I believe she was actually looking at the grass under the glass, but it surely made for a pretty picture.  One day in the not-to-distant future, that glass will become a greenhouse!  Then I’ll be starting my own plants early and having longer lettuce harvests in spring and fall.  I am so looking forward to that.

June 27 – I finally found a Monarch caterpillar!  I’ve been keeping my eyes open because I have seen the butterflies and the milkweed is going gangbusters right now.  I found this one and brought it in the house.  It’s in a half-pint wide-mouth canning jar, with a square of toilet paper as a lid being held on by a canning band.  I went to this Monarch site to learn how to care for my caterpillar.  It told me that this size (2″ or so) is when they pupate, so I was doubly excited.  I had never seen a Monarch caterpillar, nor a chrysalis.  It’s munching on milkweed leaves.

June 28 – I also have orange day lilies!  Still!

June 29 – This morning my caterpillar was hanging upside down in a “J” shape,  just as the Monarch site said it would.  Two hours later I looked at it and it was already a chrysalis!  It’s not the best photo of it, but it’s there, hanging from the lid!  It’s very shiny and a lovely shade of green.  In two weeks it will be a butterfly!

I bought the geese a larger water dish, thinking this might happen.  They appear to take turns climbing in and bathing as best they can.  The ones on the outside will often submerge their heads while the third is in the pool.  They seem to really enjoy it with the heat we’ve been having this week.  I want to build a small pond for them now.

July 30 – Barring a pond, I pulled out this kiddie pool I bought two summers ago during a heat wave.  As soon as the water was a couple inches deep, Phoebe was in there.   She doesn’t like deeper water, but loves it when it’s  shallow.  When we were in Florida six years ago, she would go wading every morning to get her belly wet, then would retreat to the shade under our bus.  Midday, she’d be back in the water to re-wet herself.  She actually surprised me by jumping right into the pool.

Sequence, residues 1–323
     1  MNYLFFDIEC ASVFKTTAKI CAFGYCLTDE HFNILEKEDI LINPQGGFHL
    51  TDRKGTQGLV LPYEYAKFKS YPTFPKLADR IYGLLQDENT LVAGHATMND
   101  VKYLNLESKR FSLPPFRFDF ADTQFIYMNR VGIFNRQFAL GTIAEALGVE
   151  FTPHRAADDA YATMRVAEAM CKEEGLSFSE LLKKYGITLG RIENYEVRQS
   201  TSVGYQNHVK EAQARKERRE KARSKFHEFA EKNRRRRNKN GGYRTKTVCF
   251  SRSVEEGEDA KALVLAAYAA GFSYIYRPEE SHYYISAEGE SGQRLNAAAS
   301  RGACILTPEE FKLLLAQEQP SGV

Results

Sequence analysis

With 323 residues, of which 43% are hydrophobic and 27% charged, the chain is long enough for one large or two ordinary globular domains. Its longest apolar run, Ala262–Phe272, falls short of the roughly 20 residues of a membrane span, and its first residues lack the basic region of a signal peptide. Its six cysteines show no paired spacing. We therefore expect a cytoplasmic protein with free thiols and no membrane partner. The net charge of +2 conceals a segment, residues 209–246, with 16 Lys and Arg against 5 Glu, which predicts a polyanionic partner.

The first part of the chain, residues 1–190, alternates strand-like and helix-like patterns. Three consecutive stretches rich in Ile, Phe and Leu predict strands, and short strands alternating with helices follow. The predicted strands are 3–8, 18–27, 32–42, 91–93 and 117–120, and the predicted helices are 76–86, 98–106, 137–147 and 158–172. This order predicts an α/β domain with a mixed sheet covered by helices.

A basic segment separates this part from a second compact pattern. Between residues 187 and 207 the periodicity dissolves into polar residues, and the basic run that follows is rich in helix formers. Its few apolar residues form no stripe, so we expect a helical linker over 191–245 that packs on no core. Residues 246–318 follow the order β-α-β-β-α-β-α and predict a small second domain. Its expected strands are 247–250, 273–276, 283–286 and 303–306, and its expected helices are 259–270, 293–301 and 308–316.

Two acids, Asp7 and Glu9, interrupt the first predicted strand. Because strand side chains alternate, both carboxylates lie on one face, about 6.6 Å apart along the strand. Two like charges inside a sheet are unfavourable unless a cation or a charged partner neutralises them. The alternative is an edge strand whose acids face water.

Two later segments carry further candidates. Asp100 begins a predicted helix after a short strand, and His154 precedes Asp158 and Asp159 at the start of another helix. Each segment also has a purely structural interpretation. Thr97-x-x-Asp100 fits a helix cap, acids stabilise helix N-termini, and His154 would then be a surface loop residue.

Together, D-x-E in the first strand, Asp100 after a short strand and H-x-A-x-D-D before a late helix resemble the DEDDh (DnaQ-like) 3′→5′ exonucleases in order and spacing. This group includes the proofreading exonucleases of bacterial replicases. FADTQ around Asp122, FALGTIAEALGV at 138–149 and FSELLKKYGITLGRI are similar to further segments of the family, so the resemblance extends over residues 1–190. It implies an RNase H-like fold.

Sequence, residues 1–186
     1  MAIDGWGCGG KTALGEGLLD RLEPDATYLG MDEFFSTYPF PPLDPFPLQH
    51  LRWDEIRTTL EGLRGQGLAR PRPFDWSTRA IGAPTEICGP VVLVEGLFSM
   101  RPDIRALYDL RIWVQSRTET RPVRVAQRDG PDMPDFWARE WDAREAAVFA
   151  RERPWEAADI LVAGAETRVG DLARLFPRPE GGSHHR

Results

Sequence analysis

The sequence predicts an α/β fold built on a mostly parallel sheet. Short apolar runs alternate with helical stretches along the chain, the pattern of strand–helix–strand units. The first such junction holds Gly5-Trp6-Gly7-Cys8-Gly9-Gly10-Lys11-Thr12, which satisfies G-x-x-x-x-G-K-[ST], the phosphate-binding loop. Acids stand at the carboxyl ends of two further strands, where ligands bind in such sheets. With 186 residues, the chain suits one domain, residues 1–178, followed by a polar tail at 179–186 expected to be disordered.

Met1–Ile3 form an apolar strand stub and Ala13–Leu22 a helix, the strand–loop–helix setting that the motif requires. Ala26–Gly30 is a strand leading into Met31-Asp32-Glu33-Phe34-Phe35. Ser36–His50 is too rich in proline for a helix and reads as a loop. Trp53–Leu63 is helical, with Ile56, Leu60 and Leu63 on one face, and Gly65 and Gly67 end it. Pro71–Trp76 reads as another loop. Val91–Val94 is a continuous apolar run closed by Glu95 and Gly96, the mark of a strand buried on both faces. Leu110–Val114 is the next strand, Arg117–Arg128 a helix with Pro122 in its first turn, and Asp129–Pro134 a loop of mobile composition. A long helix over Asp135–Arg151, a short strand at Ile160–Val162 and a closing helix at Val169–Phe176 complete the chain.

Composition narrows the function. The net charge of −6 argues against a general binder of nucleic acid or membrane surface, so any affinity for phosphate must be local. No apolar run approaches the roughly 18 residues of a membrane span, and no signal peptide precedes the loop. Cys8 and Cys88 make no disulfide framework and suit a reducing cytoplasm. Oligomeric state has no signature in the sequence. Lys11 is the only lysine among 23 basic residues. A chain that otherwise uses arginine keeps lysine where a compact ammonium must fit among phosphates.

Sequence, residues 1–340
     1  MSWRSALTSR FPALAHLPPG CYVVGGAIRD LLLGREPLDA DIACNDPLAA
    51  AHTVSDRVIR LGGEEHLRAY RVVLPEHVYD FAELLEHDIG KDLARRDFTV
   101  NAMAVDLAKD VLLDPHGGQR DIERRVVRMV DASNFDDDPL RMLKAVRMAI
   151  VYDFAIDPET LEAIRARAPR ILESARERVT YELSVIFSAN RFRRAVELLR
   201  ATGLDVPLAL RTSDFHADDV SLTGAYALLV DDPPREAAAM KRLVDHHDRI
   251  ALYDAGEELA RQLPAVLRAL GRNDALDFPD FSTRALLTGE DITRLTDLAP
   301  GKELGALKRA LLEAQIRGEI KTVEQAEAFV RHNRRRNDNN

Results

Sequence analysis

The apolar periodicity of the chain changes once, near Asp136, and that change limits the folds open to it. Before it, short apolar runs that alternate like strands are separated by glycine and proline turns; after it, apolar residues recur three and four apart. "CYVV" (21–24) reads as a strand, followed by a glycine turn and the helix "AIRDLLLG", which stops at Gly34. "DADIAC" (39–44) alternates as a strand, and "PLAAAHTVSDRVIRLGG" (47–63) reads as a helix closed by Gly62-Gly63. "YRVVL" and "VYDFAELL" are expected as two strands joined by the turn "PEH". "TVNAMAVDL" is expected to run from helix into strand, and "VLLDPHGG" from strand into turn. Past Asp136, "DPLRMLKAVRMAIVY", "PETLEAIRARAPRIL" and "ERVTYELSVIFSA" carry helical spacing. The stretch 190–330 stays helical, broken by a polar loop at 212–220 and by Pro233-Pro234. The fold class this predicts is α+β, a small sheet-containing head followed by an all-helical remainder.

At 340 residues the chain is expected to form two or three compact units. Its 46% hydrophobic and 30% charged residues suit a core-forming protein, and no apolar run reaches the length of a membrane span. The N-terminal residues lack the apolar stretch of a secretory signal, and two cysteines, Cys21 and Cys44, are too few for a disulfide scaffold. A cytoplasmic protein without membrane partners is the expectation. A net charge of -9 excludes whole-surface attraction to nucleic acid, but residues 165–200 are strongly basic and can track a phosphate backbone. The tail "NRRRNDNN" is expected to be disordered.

I put Henry in and he seemed to like it a little, but he mainly just stood there.  I put the others in and they pretty much panicked and actually leaped straight up and out.  Didn’t realize they could jump so high.

Edited to add this picture.  Two of the geese now have this pattern balding look to them.  Henry has a smoother head as he’s growing fastest.  This is the smaller girl, and to me it looks like a monk’s tonsure.  They are  just so pretty.

So this morning (Sunday) I went out to feed and water and Phoebe jumped right back in the pool.  The geese seemed interested and were investigating the sides of the pool by working it with their bills (they work everything with their bills…it still doesn’t hurt when they grab my fingers, but it’s close).  After a couple minutes of that, one of the girls walked in (the sides push down very easily) and she plopped down in the water and started grooming.  The other girl joined her and also plopped down.  Their bottoms were waggling and they wiggled their shoulders into the water they way bathing birds will.  Henry stepped in but he remained standing.  The water isn’t quite deep enough to float unless they really kick their legs back and one of the girls figure that out.  She started scooting around the pool and got very excited.  Her excitement transferred to the others and suddenly they all jumped out of the pool and ran around the yard with their wings up, calling loudly to each other.  I just stood there and laughed at them.  Their voices are changing so their little whirring cries often end with a soft honk now.  I’m hoping they figure out the pool and enjoy it.

Still no kayaking yet this summer.  I am disappointed.  Looks like I’m going to have to take myself if I want to get out there.  That said, the fireworks are next weekend (instead of on the 4th itself) and David should be home and he knows how much I enjoyed being out on the water for them last year…  so hopefully next week will have water fireworks pictures.